I am 40 with 8 years of experience in accounting/finance (made my way to accounting supervisor) with a bachelor’s in business and an MBA concentration in finance. I had to take a few years off work for family reasons and am now looking to getting back to work and a career in the supply chain world quite intrigues me. What do yout think my options are?
I checked online and it listed the CSPC as one of the best certificates that goes along well with an MBA.
I worked in a warehouse for a couple of years 10 years ago, I am bilingual french/english, I am willing to take any certificates that would increase my chance of landing a good job.
Thanks in advance for your much needed advice.
Hi Stephan, I see you are N America based. You already have some impressive business qualifications and experience that will hold you in good stead. Certainly the CSPC would be a great addition. But I would talk to some local recruiters to get their view.
I am Richa and I been working in the IT industry for the past 6 years. I have recently completed my MBA in Operations Management and want to pursue careers in Supply Chain Management. What would be the best way?
I think there are probably three good areas/industries to focus on.
Large FMCG companies
Large Retailers, and
Third Party Logistics (3PL) companies.
These all offer a wide range of Supply Chain roles.
Did you read this Blog Post: https://www.logisticsbureau.com/how-to-secure-your-first-supply-chain-or-logistics-job/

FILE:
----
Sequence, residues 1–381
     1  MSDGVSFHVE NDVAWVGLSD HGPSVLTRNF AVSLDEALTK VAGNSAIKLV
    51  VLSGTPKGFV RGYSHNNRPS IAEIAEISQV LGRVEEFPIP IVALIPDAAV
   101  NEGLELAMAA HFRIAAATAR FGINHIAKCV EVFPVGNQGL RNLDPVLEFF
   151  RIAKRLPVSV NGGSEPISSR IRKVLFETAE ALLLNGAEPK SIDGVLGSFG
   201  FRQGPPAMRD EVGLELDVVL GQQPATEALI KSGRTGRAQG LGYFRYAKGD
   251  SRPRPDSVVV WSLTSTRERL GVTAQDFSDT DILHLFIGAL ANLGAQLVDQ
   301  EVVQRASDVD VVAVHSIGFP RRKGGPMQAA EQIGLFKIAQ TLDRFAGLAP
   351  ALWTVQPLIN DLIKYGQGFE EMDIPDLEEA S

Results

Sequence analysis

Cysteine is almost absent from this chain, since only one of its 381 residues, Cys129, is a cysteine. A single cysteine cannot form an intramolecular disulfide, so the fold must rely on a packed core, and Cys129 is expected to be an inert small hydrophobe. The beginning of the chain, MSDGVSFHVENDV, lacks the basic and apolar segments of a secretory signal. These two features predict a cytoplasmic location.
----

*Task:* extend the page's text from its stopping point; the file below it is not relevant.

I am currently pursuing my MBA with a concentration in supply chain management, but I am having a hard time finding an entry-level supply chain position. I reside in Greenville, SC but I am willing to locate. My background is in IT support and customer service. Any insight on what to do? Perhaps preferred location.
Great article! I am currently working as a pharmacy technician and was recently offered a department purchasing agent at the same hospital that I currently work at. Unfortunately, it would be quite a pay cut. As someone who is looking to get into supply chain, would this be a good entry-level position? I’m just trying to determine if it would be worth it in the long run or not. Thanks!
That’a tough call. Where do you feel you want to be? In Medicine or Supply Chain?
I am Indian and I completed my bachelor in electrical engineering and have a 2 years of work experience as a quality engineer in cable industry ..i want to pursue my career as a supply chain analyst so how can I relate this work experience to supply chain analyst and convince the employer to step a foot in this industry?
PLEASE answer me as soon as possible and give me some impactable sentences or tricks to convince the employer to get a job
I’m sorry there are no ‘tricks’. Just be honest and enthusiastic and research the company well prior to interview.
Thank you for this excellent write-up giving basic insights into this part of world.
I am a new migrant to Australia with about 12+ years of job experience (mid-level) in specific domains of Electronic design industry. It is slightly different from the IT industry to be honest. I have been doing core technical works, but now really thinking of changing the career path and SupplyChain is the first like I have.
Do you think it’s worth a shot? And what specific roles would you recommend to target within supplychain? I was thinking of trying with graduate entry level roles in FMCG companies. But one worry for sure is the lower (starting) payscale as compared to my current drawn salary. Also I am not really sure if I have the metal for it, probably need a self-analysis.
Looking forward for your expert advises.
Regards & Thanks.
Changing industries can be tough and sometimes it might be worth taking a drop in grade / salary to get a position in the right company. I talk about roles on this video: https://youtu.be/7qGAIaKqAuE
Thanks Rob. Appreciate your time and efforts.
I shall go through the video.
Hello rob, great article and your videos.